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June 14, 2021

Darts and Laurels: New job portal needed

Laurel to the Rowan County Economic Development Commission for creating a tool to pull job listings from across the internet into one portal for local job seekers.

The portal, available at, was made possible by donations to the Forward Rowan campaign by Johnson Concrete Products and the Salisbury Rowan Community Foundation. Local newspapers (in print and online) have been the best ways to advertise local jobs to local people for decades, particularly when there’s a large number of openings, but employers decided years ago to mostly rely on national and international websites to look for recruits. That’s why a website like the EDC’s jobs portal is needed. It constantly scans publicly posted job listings on sites such as LinkedIn and Indeed and aggregates them in one place. With seemingly more job openings than applicants, it’s particularly good for job seekers who are hoping to stay close to home for their next gig.

Salisbury-Rowan leaders will have trouble changing market forces holding employers back from filling job openings and removing help wanted signs. Local legislators and congressional representatives are unlikely to be persuaded a minimum wage increase is needed and they’re likely to be overruled if they believe the problem is too-large relief packages keeping people out of work who might otherwise be inclined to seek employment.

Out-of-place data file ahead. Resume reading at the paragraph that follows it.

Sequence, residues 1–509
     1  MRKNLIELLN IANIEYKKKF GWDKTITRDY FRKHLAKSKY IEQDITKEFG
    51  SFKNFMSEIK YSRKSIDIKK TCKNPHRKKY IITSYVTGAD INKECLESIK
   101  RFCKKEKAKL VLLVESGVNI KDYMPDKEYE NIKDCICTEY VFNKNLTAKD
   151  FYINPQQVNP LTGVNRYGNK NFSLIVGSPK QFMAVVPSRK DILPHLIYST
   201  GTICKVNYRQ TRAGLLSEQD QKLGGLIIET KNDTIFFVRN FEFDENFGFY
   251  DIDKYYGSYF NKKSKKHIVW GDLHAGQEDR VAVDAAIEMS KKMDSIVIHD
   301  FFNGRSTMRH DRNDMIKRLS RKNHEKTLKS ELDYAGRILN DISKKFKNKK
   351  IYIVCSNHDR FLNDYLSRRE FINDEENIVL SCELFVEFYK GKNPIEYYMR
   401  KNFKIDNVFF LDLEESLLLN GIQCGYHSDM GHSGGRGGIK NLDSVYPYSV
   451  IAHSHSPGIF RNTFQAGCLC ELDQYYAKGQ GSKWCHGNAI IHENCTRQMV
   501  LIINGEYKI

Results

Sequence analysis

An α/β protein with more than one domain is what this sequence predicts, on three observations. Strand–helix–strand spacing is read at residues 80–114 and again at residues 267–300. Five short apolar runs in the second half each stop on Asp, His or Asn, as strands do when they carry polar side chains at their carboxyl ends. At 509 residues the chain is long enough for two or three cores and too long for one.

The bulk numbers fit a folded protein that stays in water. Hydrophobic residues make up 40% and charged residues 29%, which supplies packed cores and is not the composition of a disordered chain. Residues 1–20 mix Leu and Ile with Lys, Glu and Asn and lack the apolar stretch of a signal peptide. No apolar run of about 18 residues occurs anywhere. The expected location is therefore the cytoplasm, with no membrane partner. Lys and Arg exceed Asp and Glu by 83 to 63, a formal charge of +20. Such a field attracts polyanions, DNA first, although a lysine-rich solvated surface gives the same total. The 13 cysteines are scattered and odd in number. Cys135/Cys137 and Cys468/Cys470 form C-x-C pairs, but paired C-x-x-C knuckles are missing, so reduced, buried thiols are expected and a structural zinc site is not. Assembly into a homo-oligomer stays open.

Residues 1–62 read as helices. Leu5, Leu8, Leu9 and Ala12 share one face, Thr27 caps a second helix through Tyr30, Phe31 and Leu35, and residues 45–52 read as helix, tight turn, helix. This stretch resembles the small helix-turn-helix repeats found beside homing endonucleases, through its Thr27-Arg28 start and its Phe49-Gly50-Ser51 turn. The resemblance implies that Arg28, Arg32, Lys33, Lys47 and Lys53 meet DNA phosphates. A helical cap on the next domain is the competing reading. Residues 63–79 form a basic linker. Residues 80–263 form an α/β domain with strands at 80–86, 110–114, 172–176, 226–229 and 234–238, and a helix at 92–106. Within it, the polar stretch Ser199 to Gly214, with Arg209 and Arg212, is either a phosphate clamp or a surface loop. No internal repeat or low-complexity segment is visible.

That’s why it’s most important at the moment to ensure infrastructure exists to easily connect people seeking employment with open opportunities and to publicize it, including to people of various walks of life in the Salisbury-Rowan community. It can be difficult to decide where to turn when looking for a job, particularly for people without connections. The job search may involve asking a friend about openings. If that friend knows about the EDC’s portal, the job seeker will instantly have a valuable resource.

One year into virtual meetings and as capacity limitations have increased, dart to the Salisbury City Council for doing little to nothing in the way of in-person meeting options.

Gov. Roy Cooper last month increased the number of people who may gather indoors to 100. That’s less than the number of people who might show up at a particularly contentious council meeting, but it should give council members plenty of confidence that they can safely return to in-person meetings. Even if the city only allows 50 public attendees, there’s plenty of room in the council chambers to space out chairs.

The council has dealt with a number of heavy issues in the previous year, and virtual meetings have made public participation much harder. People who are not technologically savvy have a difficult time navigating to the Zoom meeting or tuning in via live-streaming video. If a video stream won’t load, tuning in isn’t even possible.

Then, there are people who have limited internet access to begin with. If your only form of internet access is mobile data from a smartphone, it’s hard to choose a Salisbury City Council meeting over other, more important or enjoyable options.

Creating an in-person option may not necessarily require all council members to sit in the Salisbury City Council chambers. Council members who feel uncomfortable could call in or continue to use Zoom software.



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